I have read minor criticism about some test riders having troubles with their left leg hitting the left cylinder of the Guzzi and about the heat dissipated by that left cylinder. I'm 6-2 and I never contact that left jug. I tried yesterday to make that happen. If I scrooch way-up on the tank and try, I can make contact with the left cylinder. The contact, however, is with the plastic guard shield on the throttle body or with the plastic shield on the valve cover. I cannot understand how anyone would contact the hot metal fins of the head or cylinder.

In hot weather, yes, you can feel heat from the left side. This is similar to the heat you will feel from both cylinders of a BMW in similar conditions. Fuel injection tweaking will greatly help this issue but, for most riding, it is not a big thing. Hey, when the day is hot, everything is hot.


Summary

The Stelvio is a different animal than the BMW.

I have owned and ridden four BMW GS models including an Adventure. I currently own a 2007 1200GS. I like BMW's.

A big disadvantage for the Guzzi is the relatively limited dealer network. The BMW dealer network is limited too but it is better than that of the Guzzi. Many people depend on local dealers for service and support so this is an important issue.

On the other hand, the Guzzi is easier to service than the BMW. It has a much-less-complicated electrical system and fewer gadgets to cause problems. BMW's are becoming much more-difficult for the owner to service and one is too-often required to take their bike to a dealer for repairs.

I was once stranded in Jacksonville FL with a dead 1200GS. The computer simply shut everything down and no on-the-road diagnosis was possible. I was forced to consume two entire days of getting a wrecker truck and towing the bike to the dealer in Daytona only to find that the problem was a weak cell in the battery. With the Guzzi, such an issue would have been easily determined and corrected on-site with much less trouble.

The sad truth, too, is that BMW's have become known for their many reliability issues. The legendary final drive failures, the fuel pump controller failures, the security system failures, the ABS failures, transmission shaft failures and many more issues plague the BMW's. I have been stranded several times with such things on my BMW's. I could elaborate but the fact is that the Guzzi's, though with fewer dealers, are showing much fewer problems that would require a dealer.

Piaggio has done a good job. I expect that, with bikes such as the Stelvio and the other machines they are producing, we will see greater sales and eventually more dealers. Now would be a good time for people to open new dealerships and get in on the ground floor as the Guzzi brand undergoes a resurgence.

The Stelvio NTX is a winner in all categories. When you consider all the advantages of the Guzzi described above and then note that the Stelvio is not only $5000-6000 less costly to buy than a comparably-equipped GSA but the Stelvio has a 2-year unlimited mileage warranty, the decision is easy to make.

If you are a GS rider with an open mind or if you are just considering a large enduro dual-sport, give the Guzzi a try.

You may discover something very good that you did not expect.










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Old 03-06-2014, 11:13 AM   #356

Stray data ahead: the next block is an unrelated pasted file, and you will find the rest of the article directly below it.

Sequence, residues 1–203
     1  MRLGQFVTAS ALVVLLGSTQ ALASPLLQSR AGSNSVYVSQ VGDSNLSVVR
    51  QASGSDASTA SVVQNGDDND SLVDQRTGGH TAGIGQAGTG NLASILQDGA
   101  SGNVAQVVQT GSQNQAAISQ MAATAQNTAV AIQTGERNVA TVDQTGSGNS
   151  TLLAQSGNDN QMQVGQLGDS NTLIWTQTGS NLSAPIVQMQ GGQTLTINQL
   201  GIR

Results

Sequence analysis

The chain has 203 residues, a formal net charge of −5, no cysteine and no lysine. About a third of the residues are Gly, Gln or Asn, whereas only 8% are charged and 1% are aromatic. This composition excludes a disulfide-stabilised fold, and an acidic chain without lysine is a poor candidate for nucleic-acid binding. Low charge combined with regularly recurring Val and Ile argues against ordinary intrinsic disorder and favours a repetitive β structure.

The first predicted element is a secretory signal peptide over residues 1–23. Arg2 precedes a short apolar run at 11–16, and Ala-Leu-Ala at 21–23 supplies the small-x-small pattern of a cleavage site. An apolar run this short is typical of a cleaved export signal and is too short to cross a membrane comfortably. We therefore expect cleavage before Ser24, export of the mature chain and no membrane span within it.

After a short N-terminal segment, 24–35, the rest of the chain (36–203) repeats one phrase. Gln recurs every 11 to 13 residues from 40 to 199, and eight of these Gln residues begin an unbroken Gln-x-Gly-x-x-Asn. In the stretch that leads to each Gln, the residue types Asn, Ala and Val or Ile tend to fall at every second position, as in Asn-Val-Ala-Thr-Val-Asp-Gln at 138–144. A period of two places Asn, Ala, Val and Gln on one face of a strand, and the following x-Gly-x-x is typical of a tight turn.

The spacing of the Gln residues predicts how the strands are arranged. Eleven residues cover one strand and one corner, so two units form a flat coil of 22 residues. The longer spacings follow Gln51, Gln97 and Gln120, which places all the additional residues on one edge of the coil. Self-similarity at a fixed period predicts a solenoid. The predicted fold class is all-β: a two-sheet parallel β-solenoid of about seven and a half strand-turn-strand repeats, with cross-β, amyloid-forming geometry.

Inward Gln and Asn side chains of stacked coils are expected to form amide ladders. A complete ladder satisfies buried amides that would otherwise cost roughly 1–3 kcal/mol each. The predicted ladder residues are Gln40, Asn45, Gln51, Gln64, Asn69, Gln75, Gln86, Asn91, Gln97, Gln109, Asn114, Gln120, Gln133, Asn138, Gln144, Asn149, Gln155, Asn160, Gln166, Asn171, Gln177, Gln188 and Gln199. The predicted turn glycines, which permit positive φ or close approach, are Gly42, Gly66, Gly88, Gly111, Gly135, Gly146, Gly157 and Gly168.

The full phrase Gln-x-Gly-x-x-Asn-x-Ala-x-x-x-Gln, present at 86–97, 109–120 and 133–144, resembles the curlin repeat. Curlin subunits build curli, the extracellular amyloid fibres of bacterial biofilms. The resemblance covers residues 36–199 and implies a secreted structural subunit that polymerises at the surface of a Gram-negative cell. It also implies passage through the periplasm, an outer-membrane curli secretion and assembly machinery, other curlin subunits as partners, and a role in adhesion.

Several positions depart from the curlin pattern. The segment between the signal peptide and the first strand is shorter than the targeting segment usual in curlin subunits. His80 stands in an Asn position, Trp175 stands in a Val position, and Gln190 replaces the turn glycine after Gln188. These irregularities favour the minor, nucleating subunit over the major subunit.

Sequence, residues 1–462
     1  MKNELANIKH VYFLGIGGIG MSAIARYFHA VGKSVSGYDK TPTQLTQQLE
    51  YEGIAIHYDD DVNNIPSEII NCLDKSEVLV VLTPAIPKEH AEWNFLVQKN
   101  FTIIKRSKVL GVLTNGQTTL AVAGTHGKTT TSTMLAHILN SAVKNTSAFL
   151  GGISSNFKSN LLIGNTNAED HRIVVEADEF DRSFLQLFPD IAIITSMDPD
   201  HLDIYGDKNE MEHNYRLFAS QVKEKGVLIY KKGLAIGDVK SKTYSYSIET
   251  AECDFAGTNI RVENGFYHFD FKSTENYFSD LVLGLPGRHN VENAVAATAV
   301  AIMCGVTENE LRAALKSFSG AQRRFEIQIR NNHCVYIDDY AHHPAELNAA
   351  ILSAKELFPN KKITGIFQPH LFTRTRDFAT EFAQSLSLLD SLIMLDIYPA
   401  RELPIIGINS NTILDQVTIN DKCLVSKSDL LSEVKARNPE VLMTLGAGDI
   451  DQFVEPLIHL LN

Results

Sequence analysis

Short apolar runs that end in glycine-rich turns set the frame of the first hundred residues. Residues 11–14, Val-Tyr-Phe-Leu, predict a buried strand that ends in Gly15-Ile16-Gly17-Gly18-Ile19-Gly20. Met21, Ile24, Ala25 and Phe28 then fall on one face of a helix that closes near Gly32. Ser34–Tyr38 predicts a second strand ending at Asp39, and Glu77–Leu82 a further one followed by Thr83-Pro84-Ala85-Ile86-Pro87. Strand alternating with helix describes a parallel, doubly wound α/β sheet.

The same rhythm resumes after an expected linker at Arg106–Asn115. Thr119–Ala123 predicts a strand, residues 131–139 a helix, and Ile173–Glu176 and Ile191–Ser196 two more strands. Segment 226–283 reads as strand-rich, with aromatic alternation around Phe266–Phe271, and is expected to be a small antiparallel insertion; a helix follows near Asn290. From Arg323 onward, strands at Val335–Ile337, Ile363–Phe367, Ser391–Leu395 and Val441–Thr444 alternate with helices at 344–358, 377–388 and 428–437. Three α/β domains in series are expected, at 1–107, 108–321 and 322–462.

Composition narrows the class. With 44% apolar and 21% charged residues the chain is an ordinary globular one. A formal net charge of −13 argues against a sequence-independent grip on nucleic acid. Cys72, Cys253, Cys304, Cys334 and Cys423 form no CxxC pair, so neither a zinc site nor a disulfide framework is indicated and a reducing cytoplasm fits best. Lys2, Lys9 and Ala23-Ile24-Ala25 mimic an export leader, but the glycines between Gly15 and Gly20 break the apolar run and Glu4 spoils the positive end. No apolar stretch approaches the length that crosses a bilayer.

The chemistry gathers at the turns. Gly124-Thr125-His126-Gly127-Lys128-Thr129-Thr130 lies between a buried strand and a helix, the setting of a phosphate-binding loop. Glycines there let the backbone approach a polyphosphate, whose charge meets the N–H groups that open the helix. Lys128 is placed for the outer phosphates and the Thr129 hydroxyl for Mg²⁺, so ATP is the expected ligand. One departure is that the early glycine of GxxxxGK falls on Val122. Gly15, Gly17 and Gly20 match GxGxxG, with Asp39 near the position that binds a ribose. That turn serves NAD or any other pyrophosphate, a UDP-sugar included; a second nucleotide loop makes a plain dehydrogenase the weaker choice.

scfrank
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New Stelvio?

I appreciate all these reviews and comments. Im looking for new adv bike. All road with occasional dirt road. I really like the looks of the Stelvio. Ive wondered about performance on street. Im not interested in Wee Strom performance. GS is just too expensive. Explorer too ugly. I dont understand triumphs styling, or lack thereof. I had a 1050 Tiger and liked it, but I do understand the sewing machine comments about the motor.

Guess i need to drive over to Rider Hill in Dahlonega.
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Old 03-07-2014, 04:11 AM   #357
WitchCityBallabio
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Ride the Guzzi motor and you'll wonder why you haven't had them all along.

I don't think I've ever talked to anyone that took one for a test ride that didn't like it.

Best of luck with your search.
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Old 03-07-2014, 11:02 AM   #358
Dust_
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Quote:
Originally Posted by WitchCityBallabio View Post
Ride the Guzzi motor and you'll wonder why you haven't had them all along.

I don't think I've ever talked to anyone that took one for a test ride that didn't like it.

Best of luck with your search.
True... I've tried all sort of bikes, But I keep dreaming about that Norge!!!
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Old 03-08-2014, 05:03 AM   #359
ARiderX
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Location: Western Europe
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I keep dreaming about this Stelvio. Value for money is insane compared to bone dry GS's. Bash plate standard, and the cases you get with the NTX are actually very decent according to the reviews. See, there's a brand that wants to give you value for money, and I appreciate that. Makes for happy customers. Instead of wringing every last dollar out of you with fancy option lists. GS is definitely forever off the table for now. Also don't like what I'm hearing about the reliability issues on the GS shaft drive, which from what I'm picking up is excellent on the guzzis.

Minimal maintenance, easy engine access, what else do you want. And hardcases and spoke wheels for the price of a standard no option GS. And an engine with LOADS MORE CHARACTER,

look at this:
http://www.youtube.com/watch?v=aY_ekiTPsEA

Oh and I forget, insane 32L fuel capacity!! I did a long distance touring trip (Iran and such) on a ktm and had a range of a whopping 260 km on a good day. Just a lot of headache. And I see the exhaust is single sided so between the pannier and the bike on the other side you can fit an auxiliary fuel tank if need be!!